With the cold comes cold and flu

With the cold comes cold and flu

By Nicole Livingston, Eagle Life Writer


Fall is here and winter is fast approaching. That means bouts of the cold and flu are not far behind.
According to the Center for Disease Control, the prime time for influenza, commonly called “the flu,” to spread is during the fall and winter months.

In addition, the Center for Disease Control says that there are over 200 viruses that cause the common cold. So, how do people know if they have a simple cold or a full-blown flu?

While the common cold and the flu share many of the same symptoms, flu symptoms are usually more intense, according to Molly Stableton, a nurse practitioner at Rockwood Clinic.

“It can take people down for a good week before people feel like they can come back to the world,” said Stableton.

According to Stableton, flu symptoms can include body aches, joint aches, fever, cough, runny nose, sore throat, fatigue, wheezing and shortness of breath. Whereas the common cold symptoms include a runny nose, sore throat and, in some cases, a low-grade fever.

Stableton says that students should see a doctor if they are having trouble managing their symptoms or staying hydrated and nourished. Typically, the severity of symptoms vary from individual to individual.

Laurie Hays, program coordinator of student life, says that one of the most important things students can do to prevent the spread of the flu is to simply stay home when they are sick.

“And when I say stay home, I mean out of classes, out of work so you’re not spreading that germ,” said Hays.

Stableton and Hays agree that another important thing students should do for preventative measures is to get a flu shot. Though the shot will not protect against every virus, it will protect against the one that is predicted to come through the area, according to Hays. To give students a more convenient access to the vaccine, part of students’ health and wellness fee provides funds for flu shots.

“As part of your health and wellness fee you pay, the flu shot is also included in it. So, we try to bring the flu shot to the students so it’s available to them,” said Hays.

According to the Center for Disease Control, employees of the center collect data related to the flu year-round. Findings are reported weekly through the months of October through May. The center releases these reports online. The findings include the different viruses that are occurring, the geographical locations the viruses are in and other general impact information the flu has on the human population.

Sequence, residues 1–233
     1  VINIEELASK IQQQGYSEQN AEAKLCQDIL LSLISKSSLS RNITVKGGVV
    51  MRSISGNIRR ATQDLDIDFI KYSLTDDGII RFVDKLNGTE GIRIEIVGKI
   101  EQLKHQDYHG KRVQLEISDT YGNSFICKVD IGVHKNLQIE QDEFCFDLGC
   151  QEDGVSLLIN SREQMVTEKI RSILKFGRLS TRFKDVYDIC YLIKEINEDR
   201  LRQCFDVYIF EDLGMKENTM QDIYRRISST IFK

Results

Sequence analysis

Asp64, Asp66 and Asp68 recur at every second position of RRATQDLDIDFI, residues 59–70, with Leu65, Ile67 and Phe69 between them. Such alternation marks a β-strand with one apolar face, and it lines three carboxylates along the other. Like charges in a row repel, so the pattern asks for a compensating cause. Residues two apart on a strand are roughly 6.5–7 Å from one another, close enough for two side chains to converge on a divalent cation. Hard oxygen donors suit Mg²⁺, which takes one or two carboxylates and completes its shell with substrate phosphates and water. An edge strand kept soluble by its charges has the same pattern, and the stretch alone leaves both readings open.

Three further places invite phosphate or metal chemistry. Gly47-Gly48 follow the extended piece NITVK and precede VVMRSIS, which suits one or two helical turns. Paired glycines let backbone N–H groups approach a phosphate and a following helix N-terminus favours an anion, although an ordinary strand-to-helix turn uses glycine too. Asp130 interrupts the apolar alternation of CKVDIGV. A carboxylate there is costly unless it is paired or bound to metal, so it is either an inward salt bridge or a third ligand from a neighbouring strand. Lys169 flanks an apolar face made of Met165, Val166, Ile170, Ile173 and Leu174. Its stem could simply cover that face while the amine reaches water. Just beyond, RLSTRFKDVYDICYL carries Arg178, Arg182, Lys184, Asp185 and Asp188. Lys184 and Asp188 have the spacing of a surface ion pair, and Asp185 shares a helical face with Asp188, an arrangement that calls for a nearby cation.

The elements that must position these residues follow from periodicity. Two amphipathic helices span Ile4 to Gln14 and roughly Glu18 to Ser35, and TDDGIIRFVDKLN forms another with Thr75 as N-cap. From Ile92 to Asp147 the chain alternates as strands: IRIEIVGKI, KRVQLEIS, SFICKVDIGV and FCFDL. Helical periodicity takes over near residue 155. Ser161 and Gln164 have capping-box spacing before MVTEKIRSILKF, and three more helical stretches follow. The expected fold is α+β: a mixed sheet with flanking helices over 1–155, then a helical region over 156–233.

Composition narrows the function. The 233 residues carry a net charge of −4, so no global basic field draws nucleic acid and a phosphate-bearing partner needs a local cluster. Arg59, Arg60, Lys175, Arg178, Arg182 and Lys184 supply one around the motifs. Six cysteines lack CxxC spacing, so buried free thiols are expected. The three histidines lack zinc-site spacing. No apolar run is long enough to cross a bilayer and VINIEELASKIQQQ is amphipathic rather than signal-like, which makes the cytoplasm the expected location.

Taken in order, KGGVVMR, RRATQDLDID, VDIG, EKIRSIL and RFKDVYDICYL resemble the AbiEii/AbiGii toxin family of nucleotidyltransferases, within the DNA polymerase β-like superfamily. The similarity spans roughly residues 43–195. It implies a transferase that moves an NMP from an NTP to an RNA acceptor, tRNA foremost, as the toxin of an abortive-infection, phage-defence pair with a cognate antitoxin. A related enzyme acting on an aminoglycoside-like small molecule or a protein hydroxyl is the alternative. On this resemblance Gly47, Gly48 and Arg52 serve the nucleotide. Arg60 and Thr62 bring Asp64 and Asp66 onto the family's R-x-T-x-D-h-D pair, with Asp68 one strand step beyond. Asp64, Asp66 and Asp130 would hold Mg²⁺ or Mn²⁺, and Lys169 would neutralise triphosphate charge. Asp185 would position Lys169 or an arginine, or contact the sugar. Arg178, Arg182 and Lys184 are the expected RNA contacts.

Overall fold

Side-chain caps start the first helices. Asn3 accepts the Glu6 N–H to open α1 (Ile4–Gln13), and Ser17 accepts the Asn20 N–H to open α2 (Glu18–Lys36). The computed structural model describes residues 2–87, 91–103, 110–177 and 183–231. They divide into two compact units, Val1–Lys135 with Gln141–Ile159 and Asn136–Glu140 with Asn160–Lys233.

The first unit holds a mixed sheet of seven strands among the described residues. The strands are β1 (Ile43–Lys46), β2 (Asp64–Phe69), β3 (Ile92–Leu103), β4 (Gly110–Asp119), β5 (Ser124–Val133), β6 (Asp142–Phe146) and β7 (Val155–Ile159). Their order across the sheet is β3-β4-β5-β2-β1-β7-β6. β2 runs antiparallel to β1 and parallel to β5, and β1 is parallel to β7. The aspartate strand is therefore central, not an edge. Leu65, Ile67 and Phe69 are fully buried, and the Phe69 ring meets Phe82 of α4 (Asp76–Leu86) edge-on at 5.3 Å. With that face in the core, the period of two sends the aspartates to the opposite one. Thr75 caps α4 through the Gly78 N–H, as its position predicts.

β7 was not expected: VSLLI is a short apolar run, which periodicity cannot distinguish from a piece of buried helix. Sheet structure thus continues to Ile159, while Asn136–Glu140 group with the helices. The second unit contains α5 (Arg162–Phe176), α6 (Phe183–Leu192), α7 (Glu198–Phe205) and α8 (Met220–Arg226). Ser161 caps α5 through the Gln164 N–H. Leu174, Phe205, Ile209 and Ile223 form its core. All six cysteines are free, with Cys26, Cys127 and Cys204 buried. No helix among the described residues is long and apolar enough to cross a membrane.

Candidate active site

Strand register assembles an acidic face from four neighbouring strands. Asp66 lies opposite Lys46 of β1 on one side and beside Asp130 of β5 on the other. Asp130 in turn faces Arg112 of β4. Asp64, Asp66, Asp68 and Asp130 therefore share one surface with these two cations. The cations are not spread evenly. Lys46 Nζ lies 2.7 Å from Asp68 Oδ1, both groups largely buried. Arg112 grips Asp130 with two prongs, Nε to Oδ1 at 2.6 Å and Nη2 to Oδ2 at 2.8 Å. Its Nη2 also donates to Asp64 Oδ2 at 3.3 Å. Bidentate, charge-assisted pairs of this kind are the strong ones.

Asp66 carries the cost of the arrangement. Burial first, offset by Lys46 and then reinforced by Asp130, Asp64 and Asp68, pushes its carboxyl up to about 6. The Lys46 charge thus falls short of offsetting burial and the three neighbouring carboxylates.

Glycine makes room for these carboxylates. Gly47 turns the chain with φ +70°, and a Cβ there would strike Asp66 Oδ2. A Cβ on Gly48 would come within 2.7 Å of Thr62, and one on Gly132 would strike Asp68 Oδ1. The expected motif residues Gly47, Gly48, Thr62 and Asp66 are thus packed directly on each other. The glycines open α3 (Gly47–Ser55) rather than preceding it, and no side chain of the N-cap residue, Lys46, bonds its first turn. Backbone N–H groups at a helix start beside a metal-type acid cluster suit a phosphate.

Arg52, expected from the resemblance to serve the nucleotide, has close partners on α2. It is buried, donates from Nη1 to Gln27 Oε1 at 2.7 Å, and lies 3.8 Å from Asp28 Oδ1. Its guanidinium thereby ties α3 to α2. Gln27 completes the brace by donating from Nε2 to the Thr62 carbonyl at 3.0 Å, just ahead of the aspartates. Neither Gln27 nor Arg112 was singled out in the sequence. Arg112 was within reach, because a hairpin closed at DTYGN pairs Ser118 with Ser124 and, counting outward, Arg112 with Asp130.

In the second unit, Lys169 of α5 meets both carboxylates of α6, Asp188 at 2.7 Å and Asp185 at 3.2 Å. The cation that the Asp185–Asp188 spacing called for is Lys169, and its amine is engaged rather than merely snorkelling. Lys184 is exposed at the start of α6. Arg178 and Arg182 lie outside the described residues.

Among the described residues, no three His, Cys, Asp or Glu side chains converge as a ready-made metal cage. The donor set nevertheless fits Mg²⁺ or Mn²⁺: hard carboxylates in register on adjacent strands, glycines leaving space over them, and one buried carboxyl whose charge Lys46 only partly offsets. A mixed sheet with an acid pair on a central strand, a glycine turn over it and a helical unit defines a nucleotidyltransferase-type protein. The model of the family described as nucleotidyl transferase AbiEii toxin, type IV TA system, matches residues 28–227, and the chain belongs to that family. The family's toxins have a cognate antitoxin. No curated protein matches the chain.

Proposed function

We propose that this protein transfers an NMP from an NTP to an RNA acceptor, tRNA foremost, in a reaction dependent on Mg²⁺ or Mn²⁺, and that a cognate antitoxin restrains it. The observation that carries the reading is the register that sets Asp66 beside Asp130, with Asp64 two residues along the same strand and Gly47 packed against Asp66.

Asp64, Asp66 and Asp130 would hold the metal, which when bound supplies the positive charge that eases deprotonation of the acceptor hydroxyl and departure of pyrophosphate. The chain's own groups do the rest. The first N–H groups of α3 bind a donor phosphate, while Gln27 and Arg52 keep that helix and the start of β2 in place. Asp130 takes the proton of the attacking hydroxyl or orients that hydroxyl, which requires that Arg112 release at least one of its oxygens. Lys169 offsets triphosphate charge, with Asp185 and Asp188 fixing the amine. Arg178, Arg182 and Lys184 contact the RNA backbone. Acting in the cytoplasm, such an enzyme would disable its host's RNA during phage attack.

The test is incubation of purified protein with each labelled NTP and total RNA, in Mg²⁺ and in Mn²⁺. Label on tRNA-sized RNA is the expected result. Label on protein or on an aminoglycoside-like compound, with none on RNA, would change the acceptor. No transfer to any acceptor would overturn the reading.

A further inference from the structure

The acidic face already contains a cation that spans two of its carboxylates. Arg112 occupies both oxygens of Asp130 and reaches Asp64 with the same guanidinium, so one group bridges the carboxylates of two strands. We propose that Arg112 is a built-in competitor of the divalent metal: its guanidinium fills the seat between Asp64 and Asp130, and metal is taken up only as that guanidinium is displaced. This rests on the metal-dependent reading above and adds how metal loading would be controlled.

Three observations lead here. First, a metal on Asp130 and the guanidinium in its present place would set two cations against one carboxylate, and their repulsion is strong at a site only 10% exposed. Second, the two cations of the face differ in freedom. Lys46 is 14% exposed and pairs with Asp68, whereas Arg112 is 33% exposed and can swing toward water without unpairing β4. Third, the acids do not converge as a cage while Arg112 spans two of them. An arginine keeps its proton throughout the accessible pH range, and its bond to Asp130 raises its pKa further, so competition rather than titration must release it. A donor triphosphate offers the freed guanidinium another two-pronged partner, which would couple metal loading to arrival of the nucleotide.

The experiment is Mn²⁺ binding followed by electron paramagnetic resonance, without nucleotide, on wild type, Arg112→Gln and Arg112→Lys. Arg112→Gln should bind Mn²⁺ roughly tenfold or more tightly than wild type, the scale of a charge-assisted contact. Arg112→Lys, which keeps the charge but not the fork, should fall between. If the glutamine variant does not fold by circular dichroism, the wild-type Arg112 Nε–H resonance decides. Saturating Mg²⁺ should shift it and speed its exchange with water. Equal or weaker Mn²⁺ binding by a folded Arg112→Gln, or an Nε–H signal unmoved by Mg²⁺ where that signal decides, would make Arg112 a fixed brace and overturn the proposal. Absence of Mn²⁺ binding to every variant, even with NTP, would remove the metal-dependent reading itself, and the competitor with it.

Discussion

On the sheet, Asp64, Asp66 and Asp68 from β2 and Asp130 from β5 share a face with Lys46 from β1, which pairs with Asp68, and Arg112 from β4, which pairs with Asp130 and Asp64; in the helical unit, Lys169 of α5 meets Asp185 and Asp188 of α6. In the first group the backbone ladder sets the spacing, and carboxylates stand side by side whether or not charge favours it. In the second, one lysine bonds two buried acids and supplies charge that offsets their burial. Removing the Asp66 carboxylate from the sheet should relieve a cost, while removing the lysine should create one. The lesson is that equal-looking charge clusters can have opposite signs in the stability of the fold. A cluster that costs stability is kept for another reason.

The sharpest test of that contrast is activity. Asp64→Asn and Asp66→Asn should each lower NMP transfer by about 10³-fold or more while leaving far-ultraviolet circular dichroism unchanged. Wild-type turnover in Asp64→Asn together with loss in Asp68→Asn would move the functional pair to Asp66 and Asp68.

According to Stableton, the scientists’ findings at the Center for Disease Control determine which flu vaccine is administered to the general population in a certain area. Stableton says that some side-effects of the flu vaccine are pain at the injection site and sometimes a low-grade fever.

Stableton also says that the vaccine does not contain a live virus, so students will not get sick from getting a flu vaccine. However, it takes about two weeks for the vaccine to fully protect people from getting the flu so if they are exposed to the virus in that window of time, they could still contract the virus.

In addition to getting a flu vaccine, grade school methods of getting rid of virus exposure are some of the tried and true methods of prevention.

Hays and Stableton recommend practicing good hand hygiene to prevent the spread of germs. Washing hands under warm water with soap greatly minimizes germ spreading. Stableton says singing the ABCs or “Happy Birthday” is a method to time your hand washing in order to keep hands clean.

She also says that hand sanitizer is only a quick fix. After the fourth time using a hand sanitizer, people should take the time to wash their hands with soap and water.

Hays and Stableton say that people should cover their mouths when they cough or sneeze. Stableton suggests coughing into their arm to avoid getting germs on their hands thereby spreading the germs to everything the person touches.

Stableton says that it is usually recommended for people to return to their work or school when they have been free from a fever for 24 hours without the use of a fever-reducing aid such as acetaminophen [Tylenol].

Stableton says that taking vitamins such as zinc and vitamin C are also good preventative measures to guard against the flu. Treatment methods include rest, fluid intake and, sometimes, over the counter medication for symptom relief.
Hays recommends that students visit Rockwood Clinic any time they are feeling ill since it is covered by their health and wellness fee, especially for students from the west side of the state who cannot make it home to their primary care doctor. The flu can last up to 10 days, according to Stableton. The length of the illness depends on an individual’s immune system.